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Out-of-towner getting comfortable with New York City real estate landscape

Unlike most tristate developers, John Saraceno was not fixated on New York City.

Yet, after 14 years, $2.2 billion in acquisitions and $230 million in calculated capital improvements, he and his partner, Jonathan Schultz, find themselves with a pair of properties on West 31st Street and, now that they’re here, they aren’t going anywhere anytime soon.

“I wasn’t one of these guys that needed New York to scratch that itch and Jon wasn’t either,” Saraceno said. “It was more a function of us being pulled into the city than us chasing, trying to be here. Now that we’re here, we plan to stick around and be aggressive. Conservative and New York don’t go well together.”

In an age when upstart firms are inclined to jump in the mixed martial arts octagon that is New York City and go straight for the real estate industry’s jugular, Onyx Equities has bided its time landing opportunistic blows around the periphery. But this isn’t the first time in the ring for Saraceno or Schultz.

Prior to joining forces in 2004, each achieved success independently, Schultz at his own brokerage and advisory firm, The Schultz Organization, and Saraceno as a founding member of Ivy Equities, for which he served as chief investment officer and oversaw $1 billion in purchases.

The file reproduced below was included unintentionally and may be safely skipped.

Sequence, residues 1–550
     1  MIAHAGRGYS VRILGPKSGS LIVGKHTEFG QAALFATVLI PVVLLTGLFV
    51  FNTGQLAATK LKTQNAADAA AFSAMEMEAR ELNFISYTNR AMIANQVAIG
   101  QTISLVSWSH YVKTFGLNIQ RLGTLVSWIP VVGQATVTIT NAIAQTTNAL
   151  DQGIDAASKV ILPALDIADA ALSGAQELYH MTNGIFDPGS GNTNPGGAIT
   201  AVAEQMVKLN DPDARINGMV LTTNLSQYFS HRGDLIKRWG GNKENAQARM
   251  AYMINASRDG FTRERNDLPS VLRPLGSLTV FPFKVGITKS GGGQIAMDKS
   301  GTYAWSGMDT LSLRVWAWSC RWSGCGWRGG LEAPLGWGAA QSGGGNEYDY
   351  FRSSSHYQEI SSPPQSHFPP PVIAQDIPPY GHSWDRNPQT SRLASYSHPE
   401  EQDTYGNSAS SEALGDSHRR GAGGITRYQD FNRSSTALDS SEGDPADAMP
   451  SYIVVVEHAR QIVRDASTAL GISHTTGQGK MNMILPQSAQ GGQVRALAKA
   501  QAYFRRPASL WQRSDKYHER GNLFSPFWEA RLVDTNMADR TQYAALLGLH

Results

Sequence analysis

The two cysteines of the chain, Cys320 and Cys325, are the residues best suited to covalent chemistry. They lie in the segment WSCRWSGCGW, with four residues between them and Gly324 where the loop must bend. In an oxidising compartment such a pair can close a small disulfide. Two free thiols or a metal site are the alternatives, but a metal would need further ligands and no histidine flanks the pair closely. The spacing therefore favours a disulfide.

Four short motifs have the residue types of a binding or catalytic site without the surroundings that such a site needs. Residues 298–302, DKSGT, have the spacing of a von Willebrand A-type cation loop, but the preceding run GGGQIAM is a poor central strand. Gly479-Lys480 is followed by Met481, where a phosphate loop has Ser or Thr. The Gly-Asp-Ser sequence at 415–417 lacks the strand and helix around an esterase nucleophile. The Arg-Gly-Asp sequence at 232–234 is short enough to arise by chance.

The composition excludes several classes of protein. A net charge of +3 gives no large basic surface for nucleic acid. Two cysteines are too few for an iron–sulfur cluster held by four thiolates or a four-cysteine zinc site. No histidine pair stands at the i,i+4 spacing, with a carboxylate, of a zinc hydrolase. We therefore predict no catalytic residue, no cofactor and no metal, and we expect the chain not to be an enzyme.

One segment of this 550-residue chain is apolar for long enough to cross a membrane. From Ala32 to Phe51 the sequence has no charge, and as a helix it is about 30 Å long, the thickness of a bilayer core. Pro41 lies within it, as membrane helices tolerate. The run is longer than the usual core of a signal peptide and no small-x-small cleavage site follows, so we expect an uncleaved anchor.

John Saraceno

Though its origin was humble, the ambitions of Onyx Equities were multifaceted, Saraceno explained. With his traditional investment fund experience and his partner’s third-party pedigree, they resolved to assemble a full-service real estate firm that handled asset, property and construction management as well as leasing and accounting while also tending to their own portfolio that includes office, industrial, residential and commercial buildings.

Based in Woodbridge, New Jersey, the Garden State has always been Onyx’s bread and butter, but it has also dabbled in eastern Pennsylvania, where it still owns a shopping center in Philadelphia, and it once had a strong presence in Fairfield County, Connecticut, though it has shied away from that market since the crash in 2008. “When it all comes down to it, especially post-recession, if your core market has good opportunities, if you have enough going on in the A market, there’s no need to push farther out,” Saraceno said.

With buildings in White Plains, Jericho and Garden City, the company has also maintained a presence in suburban New York, though these arterial outposts did not lead to the heart of the region until 2015, when the company acquired 210 West 31st Street, a former monastery across the street from Penn Station and Madison Square Garden.

“We had done a lot of work, historically, in Long Island, Westchester and a spattering of work in Staten Island where I grew up, but that was the closest we got to the boroughs,” Saraceno said. “It wasn’t something that kept me up at night because in order to succeed in New York, you need to be all in and I didn’t want to force that if the right opportunity wasn’t there.”